‘We’ve had enough': Foot tunnels’ friends fight back
In case you haven’t seen this elsewhere, a friends group is being set up for the Greenwich and Woolwich foot tunnels, badly damaged by a botched Greenwich Council attempt to refurbish them.
For more than a century the people of London have crossed the River Thames through foot tunnels at Greenwich and Woolwich which owe their existence to that great Victorian working class hero Will Crooks.
The Woolwich MP’s vision was of a free passage under the Thames for people commutng to work in the docks and factories on the north bank of the river.
The docks may have gone, but the tunnels, classed as public highways and therefore kept open around the 24 hours a day, are now used in large part by those working in the fnancial services sector in Canary Wharf, and by tourists wishing to sample the baroque majesty of maritme Greenwich. The tunnel at Greenwich is also part of Natonal Cycle Route #1, which links Dover and Inverness.
Taken together, the Greenwich and Woolwich Foot Tunnels are used by 1.5 million people every year.
Whether this be for work or leisure, the tunnels are a vital transport and cultural asset which, in the spirit of their creator, belong to the people of London.
Management of the Greenwich and Woolwich Foot Tunnels is the responsibility of the Royal Borough of Greenwich. For some years the tunnels have been in a poor state of repair, and for this reason they have been the subject of a renovation project funded by an £11.5m grant from central government.
Beset by delays, contractual issues and politcal obfuscaton, the tunnel renovaton work is far from complete. In 2011 the original contractors were sacked without explanation, and the Royal Borough of Greenwich has yet to release the report of an independent inquiry into what went wrong. The new lifts at Greenwich are subject to frequent breakdown, work on the staircases has halted, and new lifts have yet to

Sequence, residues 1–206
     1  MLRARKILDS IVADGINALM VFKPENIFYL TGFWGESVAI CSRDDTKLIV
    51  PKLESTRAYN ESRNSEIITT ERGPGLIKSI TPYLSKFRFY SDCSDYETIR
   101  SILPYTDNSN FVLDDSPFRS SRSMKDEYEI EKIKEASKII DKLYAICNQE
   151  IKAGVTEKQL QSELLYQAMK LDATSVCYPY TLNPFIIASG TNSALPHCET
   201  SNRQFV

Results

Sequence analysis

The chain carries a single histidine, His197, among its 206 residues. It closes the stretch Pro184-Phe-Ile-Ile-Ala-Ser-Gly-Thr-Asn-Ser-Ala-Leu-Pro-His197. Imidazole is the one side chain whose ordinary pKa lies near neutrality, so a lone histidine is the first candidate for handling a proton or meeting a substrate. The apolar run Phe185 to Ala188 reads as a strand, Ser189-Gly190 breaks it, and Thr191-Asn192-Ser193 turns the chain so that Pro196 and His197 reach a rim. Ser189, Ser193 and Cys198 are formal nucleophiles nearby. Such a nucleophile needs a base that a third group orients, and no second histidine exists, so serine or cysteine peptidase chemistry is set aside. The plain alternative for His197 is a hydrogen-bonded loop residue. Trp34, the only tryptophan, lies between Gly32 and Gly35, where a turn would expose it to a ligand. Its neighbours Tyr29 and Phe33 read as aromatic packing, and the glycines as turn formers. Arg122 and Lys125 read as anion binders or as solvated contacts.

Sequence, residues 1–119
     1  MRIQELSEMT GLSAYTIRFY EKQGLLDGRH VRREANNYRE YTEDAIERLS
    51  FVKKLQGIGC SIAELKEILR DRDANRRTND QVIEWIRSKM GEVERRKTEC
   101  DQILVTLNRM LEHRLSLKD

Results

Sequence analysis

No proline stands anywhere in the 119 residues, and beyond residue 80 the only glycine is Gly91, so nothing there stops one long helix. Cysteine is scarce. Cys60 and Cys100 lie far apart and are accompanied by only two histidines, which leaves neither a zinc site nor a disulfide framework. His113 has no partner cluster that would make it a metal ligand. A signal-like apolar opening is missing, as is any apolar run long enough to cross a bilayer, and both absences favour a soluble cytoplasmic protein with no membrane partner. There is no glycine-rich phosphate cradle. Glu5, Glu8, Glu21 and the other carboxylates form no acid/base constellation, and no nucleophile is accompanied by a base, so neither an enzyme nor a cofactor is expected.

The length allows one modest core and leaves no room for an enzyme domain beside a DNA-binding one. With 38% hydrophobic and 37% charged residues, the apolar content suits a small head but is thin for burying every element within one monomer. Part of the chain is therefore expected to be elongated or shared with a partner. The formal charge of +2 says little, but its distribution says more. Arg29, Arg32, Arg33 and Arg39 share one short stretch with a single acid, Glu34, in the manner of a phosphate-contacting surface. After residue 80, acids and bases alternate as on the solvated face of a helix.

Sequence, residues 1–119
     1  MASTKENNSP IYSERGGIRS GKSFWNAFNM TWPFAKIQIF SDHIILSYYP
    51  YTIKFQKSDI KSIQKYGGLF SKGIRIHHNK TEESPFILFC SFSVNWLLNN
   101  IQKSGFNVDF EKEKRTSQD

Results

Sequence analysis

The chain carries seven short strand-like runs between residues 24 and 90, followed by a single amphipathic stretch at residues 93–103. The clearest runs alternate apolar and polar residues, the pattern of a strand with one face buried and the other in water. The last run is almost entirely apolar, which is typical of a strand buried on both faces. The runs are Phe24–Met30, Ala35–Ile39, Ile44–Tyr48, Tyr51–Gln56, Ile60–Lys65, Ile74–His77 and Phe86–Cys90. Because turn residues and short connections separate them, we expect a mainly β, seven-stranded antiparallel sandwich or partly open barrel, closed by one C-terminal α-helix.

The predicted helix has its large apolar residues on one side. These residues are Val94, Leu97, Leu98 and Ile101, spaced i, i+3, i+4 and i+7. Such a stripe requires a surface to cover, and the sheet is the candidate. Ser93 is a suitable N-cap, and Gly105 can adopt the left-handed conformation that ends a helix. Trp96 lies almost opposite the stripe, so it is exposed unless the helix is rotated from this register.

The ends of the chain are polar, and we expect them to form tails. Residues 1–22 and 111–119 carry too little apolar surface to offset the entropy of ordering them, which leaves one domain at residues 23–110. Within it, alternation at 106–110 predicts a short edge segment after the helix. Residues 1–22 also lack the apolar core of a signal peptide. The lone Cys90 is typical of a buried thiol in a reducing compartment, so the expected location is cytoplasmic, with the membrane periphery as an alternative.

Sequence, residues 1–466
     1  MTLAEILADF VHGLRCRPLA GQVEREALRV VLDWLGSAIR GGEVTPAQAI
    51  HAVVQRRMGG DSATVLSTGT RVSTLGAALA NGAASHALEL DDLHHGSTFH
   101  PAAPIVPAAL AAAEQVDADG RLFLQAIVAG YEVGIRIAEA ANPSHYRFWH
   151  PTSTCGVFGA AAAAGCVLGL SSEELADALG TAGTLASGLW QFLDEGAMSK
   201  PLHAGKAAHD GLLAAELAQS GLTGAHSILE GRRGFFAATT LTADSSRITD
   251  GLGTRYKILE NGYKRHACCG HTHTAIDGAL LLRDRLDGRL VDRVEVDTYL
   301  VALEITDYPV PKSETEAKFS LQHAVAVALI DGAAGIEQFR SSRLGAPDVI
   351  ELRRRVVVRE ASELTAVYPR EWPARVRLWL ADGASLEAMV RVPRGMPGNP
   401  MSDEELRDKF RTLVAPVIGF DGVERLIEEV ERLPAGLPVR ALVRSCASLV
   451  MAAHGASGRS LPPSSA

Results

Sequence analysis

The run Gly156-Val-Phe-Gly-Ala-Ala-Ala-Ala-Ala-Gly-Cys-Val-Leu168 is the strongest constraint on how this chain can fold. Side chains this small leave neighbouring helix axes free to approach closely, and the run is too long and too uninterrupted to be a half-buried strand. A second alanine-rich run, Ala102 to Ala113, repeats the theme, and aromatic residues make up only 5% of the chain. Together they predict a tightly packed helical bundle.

be installed at Woolwich.
The matter is now in the hands of auditors at the Greater London Authority, and
few expect the work to be fnished before the end of next year.
Local people have had enough of the mismanagement of this invaluable community asset. We are now rallying together in celebration and defence of the tunnels, and in early September will formally launch the Friends of Greenwich and Woolwich Foot Tunnels.
The aim of this new community group is to promote the use and enjoyment of the Greenwich and Woolwich Foot Tunnels, and to oversee and hold to account those responsible for them.
Together we will work to ensure a high standard of maintenance, appearance and access to the tunnels, represent all tunnel users – pedestrians and cyclists together – and, with the rapid economic growth of the Isle of Dogs and Newham, lobby for the importance of the tunnels as a transport facility.
The inaugural meetng of the Friends of Greenwich and Woolwich Foot Tunnels will take place on Thursday 5 September at the 10 Centre, Tarves Way, London SE10 9JU, starting at 7pm. The venue is located behind Greenwich DLR station, at the end of Straightsmouth.
All are welcome, and we look forward to seeing you there.
From last month’s council meeting, here’s Denise Hyland, the Greenwich councillor responsible for the foot tunnels fiasco, explaining why the council has changed tack to commission new work to finish the tunnels’ refurbishment, and why its inquiry into the mess won’t be reporting back any time soon.
Incidentally, a friends group is also being set up for Island Gardens, the park at the foot of the Isle of Dogs which contains the Greenwich tunnel’s north entrance. This follows the withdrawal of a mysterious attempt to build a “community centre” (see Tower Hamlets-watching blog Trial By Jeory for more). Campaigners there are meeting tonight at 7.30pm at Poplar, Blackwall and District Rowing Club, next to the park, to discuss next steps.
(For more information on FOGWOFT, call Francis Sedgemore on 07840 191336 or Ian Blore on 07900 253658.)